Leeches to lasers – 250 years of charitable support
 
 
Relocation Package up to £4000 for all UK recruited nurses, midwives, ODPs and radiographers (band 5&6)
 
We are proud to be a no smoking site. You cannot smoke anywhere.
 
Feeling unwell or injured? Make sure you choose the right NHS service

Abdominal aortic aneurysm screening

The NHS Abdominal Aortic Aneurysm Screening Programme aims to reduce deaths from ruptured abdominal aortic aneurysms through early detection, appropriate monitoring and treatment.

Men in their 65th year are automatically invited for an ultrasound scan.

If you, or a family member or friend, are male and over the age of 65 and have not yet been screened you can refer yourself into the screening programme by contacting our office 01223 256909. We will take your name and address and send out a self-referral pack which includes a explanation leaflet and a form to fill out.  Send this form back to Cambridge University Hospitals, Addenbrooke's Hospital, Box 288, ATC Level 5, Hills Road, Cambridge CB2 0QQ and we will send you an appointment by letter within the next eight weeks. 

The Cambridgeshire, Peterborough and West Suffolk Programme is based in the Addenbrooke's Treatment Centre on Level 5. We scan across the region in GP surgeries, hospitals and health centres.

About the condition

  • An abdominal aortic aneurysm is a weakening and expansion of the aorta, the main blood vessel in the body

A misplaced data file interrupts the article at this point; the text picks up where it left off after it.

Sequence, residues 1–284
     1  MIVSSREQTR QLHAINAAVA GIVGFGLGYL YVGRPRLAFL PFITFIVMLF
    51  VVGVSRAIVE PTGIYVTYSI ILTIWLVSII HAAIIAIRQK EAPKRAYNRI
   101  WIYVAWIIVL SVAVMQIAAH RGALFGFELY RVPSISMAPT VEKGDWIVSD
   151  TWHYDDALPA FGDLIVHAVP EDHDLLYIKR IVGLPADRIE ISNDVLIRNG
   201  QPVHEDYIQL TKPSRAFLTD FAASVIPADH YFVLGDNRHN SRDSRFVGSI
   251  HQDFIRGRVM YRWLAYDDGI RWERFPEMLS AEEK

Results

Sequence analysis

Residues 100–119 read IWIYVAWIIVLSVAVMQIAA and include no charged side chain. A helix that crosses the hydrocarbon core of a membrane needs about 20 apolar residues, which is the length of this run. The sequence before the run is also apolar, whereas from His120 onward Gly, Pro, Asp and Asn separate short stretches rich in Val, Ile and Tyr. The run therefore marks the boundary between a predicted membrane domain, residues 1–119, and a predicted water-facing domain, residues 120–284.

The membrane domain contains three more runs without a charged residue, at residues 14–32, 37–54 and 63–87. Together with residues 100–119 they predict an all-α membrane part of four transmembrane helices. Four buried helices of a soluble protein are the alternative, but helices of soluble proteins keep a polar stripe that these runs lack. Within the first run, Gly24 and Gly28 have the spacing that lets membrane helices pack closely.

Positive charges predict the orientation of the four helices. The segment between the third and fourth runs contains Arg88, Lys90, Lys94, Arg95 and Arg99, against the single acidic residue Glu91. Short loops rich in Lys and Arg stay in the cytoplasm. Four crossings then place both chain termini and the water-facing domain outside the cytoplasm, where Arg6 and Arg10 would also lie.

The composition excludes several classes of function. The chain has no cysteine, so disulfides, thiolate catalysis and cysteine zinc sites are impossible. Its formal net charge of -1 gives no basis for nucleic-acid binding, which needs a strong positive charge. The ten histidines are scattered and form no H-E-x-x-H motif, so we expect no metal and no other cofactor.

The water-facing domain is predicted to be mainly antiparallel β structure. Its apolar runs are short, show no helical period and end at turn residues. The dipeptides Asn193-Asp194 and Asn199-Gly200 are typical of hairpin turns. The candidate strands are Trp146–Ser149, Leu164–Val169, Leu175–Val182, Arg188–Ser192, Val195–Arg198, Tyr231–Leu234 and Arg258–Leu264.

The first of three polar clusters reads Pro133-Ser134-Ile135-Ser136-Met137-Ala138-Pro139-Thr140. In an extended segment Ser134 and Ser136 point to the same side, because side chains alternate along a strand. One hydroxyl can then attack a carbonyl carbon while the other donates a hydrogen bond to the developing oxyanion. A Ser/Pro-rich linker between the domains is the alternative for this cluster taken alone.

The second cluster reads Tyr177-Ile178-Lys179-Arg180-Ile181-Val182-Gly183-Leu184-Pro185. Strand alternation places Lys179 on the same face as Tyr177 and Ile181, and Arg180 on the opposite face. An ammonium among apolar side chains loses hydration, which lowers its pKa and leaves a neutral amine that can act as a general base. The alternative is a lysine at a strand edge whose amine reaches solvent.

• Large aneurysms are rare but can be very serious 
  • Approximately 6,000 people in England and Wales die every year from ruptured abdominal aortic aneurysms

Are they serious?

Large aneurysms are rare but can be very serious. As the wall of the aorta stretches it becomes weaker and could burst. If this happens, your chance of surviving is only about 20 out of 100.

Surgery is the most common treatment to repair large aneurysms that are found through screening. Approximately 97 to 98 out of every 100 patients make a full recovery from AAA repair surgery.

An aorta which is only slightly larger than normal is not dangerous. However, it is still important to know about it and to monitor its growth at regular intervals.

Who is at risk?

Men are approximately six times more likely to have an abdominal aortic aneurysm than women. The chance of having an aneurysm increases with age. 
The risk of having an abdominal aortic aneurysm can also increase if:

  • You smoke 
  • You have high blood pressure 
  • Your brother, sister or parent has, or has had, an abdominal aortic aneurysm

For more information